Zen 6: AMD’s Game-Changer in Chip Design and Graphics

Last year, there was a leak from an AMD engineer revealing details about the Zen 6 architecture, which is internally codenamed “Morpheus” and is slated for fabrication using the 2nm process. Should AMD decide to continue its collaboration with TSMC, given the semiconductor fabricator’s progress, processors based on the Zen 6 architecture could be expected to arrive by the end of 2025 or the beginning of 2026.

Ryzen 8000 series CPUs

Recently, enthusiasts have indicated a significant shift in AMD’s approach with the Zen 6 architecture, opting for 2.5D interconnect technology over the traditional multi-chip module design. This change is poised to enhance bandwidth between smaller chips and reduce latency. Furthermore, client processors based on the Zen 6 architecture are expected to bypass the RDNA 4 architecture entirely in favor of RDNA 5 for the integrated graphics. This suggests that the Zen 6 Ryzen processors may employ more advanced semiconductor processes, with rumors suggesting the possibility of different modules being fabricated using both 2nm and 3nm processes.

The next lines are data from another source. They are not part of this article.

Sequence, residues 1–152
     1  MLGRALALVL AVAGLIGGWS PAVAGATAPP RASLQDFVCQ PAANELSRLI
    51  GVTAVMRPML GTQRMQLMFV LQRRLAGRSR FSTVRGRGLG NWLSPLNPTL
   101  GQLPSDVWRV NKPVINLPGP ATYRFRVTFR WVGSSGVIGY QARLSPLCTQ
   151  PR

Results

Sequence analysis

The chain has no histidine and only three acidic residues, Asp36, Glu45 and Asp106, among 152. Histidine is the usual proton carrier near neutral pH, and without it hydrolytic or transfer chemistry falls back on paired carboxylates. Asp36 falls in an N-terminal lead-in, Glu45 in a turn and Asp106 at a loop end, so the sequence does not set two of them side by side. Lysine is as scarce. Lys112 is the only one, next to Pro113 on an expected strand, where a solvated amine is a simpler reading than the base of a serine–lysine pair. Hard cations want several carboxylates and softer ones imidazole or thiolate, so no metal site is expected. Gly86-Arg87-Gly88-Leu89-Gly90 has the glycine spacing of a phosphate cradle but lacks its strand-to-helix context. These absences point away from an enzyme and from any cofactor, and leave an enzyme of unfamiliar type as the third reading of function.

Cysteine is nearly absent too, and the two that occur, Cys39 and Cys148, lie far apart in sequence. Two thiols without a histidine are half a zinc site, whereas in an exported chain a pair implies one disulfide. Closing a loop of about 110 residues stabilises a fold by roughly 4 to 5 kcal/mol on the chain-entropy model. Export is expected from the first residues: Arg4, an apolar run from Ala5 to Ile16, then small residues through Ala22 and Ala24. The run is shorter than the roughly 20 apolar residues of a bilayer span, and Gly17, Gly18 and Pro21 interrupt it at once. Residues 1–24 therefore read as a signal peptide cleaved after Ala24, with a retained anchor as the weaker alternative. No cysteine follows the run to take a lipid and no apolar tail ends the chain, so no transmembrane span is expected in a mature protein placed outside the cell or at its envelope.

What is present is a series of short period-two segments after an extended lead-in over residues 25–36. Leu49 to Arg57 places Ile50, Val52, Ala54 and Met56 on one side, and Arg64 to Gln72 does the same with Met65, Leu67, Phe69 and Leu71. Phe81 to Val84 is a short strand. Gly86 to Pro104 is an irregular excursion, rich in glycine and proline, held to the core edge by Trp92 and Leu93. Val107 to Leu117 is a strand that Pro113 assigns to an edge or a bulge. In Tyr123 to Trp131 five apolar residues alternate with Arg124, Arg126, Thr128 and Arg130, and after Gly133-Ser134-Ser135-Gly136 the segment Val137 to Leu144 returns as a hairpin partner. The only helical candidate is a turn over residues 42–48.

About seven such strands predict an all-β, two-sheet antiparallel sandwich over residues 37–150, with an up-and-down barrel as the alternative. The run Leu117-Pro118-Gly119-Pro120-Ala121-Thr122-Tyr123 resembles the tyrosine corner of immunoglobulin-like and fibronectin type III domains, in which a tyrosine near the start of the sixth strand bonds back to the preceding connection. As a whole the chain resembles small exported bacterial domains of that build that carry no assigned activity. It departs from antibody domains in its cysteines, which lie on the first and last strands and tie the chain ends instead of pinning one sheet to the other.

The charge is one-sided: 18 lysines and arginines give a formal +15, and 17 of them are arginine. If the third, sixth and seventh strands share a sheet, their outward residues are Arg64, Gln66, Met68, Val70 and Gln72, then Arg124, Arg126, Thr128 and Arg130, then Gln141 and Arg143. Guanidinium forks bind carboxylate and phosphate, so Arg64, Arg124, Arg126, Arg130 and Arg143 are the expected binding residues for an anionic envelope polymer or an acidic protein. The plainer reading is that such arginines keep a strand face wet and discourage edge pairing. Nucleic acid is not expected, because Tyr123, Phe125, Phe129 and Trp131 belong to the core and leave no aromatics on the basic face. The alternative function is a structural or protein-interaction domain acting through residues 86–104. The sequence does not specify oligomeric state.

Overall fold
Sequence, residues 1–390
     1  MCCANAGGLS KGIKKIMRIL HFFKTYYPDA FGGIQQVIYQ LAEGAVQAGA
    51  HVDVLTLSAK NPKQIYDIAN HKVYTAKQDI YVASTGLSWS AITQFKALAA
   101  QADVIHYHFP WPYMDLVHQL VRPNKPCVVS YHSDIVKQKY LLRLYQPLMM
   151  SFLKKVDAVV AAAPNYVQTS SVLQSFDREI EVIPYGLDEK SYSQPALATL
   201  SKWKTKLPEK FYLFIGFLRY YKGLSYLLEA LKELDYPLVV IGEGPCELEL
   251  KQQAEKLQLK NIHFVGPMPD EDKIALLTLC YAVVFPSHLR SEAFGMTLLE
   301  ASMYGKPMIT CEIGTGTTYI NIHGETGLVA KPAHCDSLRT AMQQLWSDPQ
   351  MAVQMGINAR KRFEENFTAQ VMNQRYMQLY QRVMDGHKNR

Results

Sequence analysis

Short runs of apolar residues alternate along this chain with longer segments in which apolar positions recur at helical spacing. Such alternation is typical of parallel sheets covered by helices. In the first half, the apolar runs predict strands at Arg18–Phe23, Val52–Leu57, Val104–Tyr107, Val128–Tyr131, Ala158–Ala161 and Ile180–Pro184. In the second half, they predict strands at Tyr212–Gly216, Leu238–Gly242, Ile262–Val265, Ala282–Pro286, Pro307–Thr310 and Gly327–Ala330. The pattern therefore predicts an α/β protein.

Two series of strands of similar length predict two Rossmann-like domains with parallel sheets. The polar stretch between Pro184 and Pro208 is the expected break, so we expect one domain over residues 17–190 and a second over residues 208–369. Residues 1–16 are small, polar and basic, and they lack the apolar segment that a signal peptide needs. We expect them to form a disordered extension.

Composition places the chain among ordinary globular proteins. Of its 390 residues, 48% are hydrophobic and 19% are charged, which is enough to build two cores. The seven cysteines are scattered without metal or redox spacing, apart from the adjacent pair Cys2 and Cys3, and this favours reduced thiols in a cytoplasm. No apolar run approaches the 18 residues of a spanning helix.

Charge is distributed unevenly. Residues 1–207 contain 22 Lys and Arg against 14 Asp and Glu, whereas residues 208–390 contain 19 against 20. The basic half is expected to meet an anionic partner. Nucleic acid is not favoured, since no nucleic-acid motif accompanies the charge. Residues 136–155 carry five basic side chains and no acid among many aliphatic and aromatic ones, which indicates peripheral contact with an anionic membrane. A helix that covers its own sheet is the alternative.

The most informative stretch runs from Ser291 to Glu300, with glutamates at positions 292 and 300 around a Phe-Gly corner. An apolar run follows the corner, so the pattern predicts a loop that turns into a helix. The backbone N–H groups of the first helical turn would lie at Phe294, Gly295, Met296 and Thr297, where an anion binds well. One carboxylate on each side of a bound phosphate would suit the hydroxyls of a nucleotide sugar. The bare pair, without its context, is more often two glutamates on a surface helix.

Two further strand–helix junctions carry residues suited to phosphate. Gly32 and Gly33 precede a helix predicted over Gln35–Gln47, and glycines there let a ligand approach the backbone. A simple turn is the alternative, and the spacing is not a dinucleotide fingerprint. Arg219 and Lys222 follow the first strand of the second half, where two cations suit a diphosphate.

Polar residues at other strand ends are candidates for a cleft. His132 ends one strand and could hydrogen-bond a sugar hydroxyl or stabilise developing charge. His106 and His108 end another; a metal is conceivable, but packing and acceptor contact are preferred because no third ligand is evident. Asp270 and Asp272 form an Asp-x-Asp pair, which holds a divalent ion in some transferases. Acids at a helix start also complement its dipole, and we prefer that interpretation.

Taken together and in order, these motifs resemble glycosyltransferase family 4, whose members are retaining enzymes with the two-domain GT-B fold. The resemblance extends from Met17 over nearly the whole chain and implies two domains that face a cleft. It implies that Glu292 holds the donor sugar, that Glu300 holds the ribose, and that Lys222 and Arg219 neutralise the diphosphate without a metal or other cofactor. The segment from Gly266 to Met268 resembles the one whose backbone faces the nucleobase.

The concept of 2.5D interconnect is not new to us; current chips based on the RDNA 3 architecture, such as the Navi 31/32, showcase this design, consisting of a Graphics Compute Die (GCD) and multiple Cache and I/O Dies (MCDs), utilizing two distinct manufacturing processes. In the Zen 6 Ryzen processors, AMD is likely to continue with a configuration of dual Compute Core Dies (CCDs) paired with a single I/O Die (IOD), which might be enlarged to incorporate additional novel technologies.

There have also been rumors suggesting AMD is not currently planning to stack the IOD on top of the CCDs due to the high manufacturing costs associated with such a design, though it may explore introducing this configuration in the future.